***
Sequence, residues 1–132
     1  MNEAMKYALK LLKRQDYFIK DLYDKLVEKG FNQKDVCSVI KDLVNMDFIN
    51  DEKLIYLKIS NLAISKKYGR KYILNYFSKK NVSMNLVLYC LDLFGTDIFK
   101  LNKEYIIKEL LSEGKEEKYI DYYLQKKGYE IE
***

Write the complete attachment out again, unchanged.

Sequence, residues 1–132
     1  MNEAMKYALK LLKRQDYFIK DLYDKLVEKG FNQKDVCSVI KDLVNMDFIN
    51  DEKLIYLKIS NLAISKKYGR KYILNYFSKK NVSMNLVLYC LDLFGTDIFK
   101  LNKEYIIKEL LSEGKEEKYI DYYLQKKGYE IE